Read my full game story on Minnesota's 60-42 win -- moving the Gophers to 3-7 in the Big Ten -- over Nebraska here.
On Friday afternoon, the Gophers were stretching when senior guard Andre Hollins -- Minnesota's only real offensive highlight in the past three games -- alerted the staff.
"I can't feel my leg," he told them.
Coach Richard Pitino shook his head just remembering the moment.
"We were like 'What is going on?'" he said after Saturday's 60-42 win over Nebraska. "This year, we can't get any more unlucky!"
But although what was determined to be a tweaked right IT band kept Hollins out of most of practice on Friday and all of shootaround on Saturday morning, it didn't seem to have any impact on Saturday night, when the veteran continued his solid run of play that stretches throughout the last five games now.
Hollins scored 12 points to go with six assists, five rebounds in traffic, two blocks and a steal. Afterward, he said his IT band feels fine after getting some treatment before the game.
"My knee was killing me yesterday but I just had to get looser, get my hip and my IT band looser."
Said point guard DeAndre Mathieu of the teammate he calls the "Prince" of Minnesota: "You would have thought he was done for the season yesterday and then he comes out today and plays like nothing is wrong. So he's a warrior. He played through an ankle injury last year, played through IT band today, he's just going to fight to win."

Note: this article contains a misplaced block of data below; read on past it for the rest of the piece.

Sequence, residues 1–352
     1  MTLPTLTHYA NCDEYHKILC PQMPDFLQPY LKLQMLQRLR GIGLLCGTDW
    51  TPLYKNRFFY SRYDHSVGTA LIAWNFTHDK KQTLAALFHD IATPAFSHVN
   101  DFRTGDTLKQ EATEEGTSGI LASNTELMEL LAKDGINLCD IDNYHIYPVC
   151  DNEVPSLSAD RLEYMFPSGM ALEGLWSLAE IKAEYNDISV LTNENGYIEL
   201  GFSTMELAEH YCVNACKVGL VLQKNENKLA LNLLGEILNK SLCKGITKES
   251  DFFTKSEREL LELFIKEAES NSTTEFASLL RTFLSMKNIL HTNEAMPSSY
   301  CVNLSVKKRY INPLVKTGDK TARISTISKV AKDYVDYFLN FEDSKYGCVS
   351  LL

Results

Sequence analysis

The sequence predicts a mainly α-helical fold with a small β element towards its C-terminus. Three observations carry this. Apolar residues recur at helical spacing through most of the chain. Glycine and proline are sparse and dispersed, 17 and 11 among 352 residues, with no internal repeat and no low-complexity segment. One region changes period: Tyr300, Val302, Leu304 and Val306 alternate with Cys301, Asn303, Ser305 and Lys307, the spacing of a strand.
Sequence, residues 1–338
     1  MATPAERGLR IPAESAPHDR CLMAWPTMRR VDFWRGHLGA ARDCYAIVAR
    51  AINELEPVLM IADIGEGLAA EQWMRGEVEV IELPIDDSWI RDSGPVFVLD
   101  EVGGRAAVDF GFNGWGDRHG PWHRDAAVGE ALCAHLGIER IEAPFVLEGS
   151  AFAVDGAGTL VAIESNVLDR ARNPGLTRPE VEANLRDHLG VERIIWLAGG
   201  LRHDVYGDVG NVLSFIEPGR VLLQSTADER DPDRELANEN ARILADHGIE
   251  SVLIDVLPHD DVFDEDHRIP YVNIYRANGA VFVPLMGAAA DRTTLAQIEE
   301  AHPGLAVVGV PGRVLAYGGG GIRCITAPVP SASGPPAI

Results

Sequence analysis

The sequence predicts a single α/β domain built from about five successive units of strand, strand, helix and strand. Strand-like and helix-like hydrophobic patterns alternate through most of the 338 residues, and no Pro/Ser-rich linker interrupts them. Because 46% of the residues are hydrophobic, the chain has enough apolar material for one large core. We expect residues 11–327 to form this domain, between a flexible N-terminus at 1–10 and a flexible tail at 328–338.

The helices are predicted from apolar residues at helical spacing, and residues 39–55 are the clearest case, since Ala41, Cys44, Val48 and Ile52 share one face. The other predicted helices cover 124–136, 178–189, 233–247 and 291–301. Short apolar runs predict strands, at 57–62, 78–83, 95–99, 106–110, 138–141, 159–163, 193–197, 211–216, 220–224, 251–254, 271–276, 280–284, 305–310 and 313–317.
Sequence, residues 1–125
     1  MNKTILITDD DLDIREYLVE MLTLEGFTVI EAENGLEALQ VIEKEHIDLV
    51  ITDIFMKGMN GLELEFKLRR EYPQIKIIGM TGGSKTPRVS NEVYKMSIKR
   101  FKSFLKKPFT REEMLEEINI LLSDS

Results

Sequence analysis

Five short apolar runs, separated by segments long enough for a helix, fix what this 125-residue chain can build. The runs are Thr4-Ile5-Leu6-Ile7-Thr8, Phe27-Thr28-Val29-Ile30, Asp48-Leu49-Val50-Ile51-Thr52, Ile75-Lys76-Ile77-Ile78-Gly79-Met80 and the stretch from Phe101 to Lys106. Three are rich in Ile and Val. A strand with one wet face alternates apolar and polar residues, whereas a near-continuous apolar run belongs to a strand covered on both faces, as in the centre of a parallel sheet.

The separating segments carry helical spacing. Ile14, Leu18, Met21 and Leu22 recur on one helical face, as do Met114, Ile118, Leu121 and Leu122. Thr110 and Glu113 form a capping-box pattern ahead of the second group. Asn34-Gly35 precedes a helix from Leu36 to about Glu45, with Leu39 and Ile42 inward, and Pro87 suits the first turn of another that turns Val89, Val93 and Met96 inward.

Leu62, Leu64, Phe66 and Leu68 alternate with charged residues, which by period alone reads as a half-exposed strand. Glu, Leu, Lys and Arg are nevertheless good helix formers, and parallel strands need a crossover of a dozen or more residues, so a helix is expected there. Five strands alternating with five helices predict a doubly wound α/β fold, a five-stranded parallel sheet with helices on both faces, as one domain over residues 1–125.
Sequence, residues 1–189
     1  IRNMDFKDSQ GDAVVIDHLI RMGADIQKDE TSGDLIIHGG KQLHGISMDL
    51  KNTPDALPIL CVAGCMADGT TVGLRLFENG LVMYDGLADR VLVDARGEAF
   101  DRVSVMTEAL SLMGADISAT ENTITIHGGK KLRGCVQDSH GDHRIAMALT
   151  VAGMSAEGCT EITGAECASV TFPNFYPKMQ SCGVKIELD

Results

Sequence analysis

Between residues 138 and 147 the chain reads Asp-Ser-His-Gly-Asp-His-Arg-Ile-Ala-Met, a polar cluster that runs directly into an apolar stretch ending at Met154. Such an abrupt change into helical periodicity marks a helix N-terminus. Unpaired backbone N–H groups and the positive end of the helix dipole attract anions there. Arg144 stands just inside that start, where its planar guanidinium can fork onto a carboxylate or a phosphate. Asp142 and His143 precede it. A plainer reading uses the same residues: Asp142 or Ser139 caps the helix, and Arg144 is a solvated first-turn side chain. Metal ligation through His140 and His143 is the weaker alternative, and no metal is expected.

Even so, when Pitino announced the team would enjoy two days off -- on Sunday and Monday -- in a rare week off of games, Holllins smiled. The coach noted that Hollins, as much as anyone, needs a break.
Hollins has played more minutes than any teammate in each of the last seven games, an average of 36.6 minutes in that span. In general, Pitino called his bunch "banged up," particularly as a result of the lack of depth that limits the team to eight big-minute players.
"I loved it," Hollins said of hearing about the time off ahead. "I need it."
For the senior to put up the performance he did in spite of the wear and tear that comes halfway through a league late, says a lot about his character, Pitino said.
"I've said all year, he does a lot of things that don't show up on the stat sheet when it comes to scoring," he said. "He's the quiet heart and soul of our team."
Nebraska coach Tim Miles, who previously came through the Barn several times when he coached at North Dakota State, has never won at Williams Arena. Still, the South Dakota native, who grew up bleeding maroon and gold, had some nice things to say about the venue.
"Growing up watching the Gophers and just being a Gopher fan as a kid, being in Williams Arena is one of the historic places in my eyes," he said. "There are only about three or four that you pick, and I've already played in Pauley Pavillion [UCLA's arena] and Cameron Indoor [Duke], and having the chance to play here is equal to those places in my eyes. It's just a really cool place."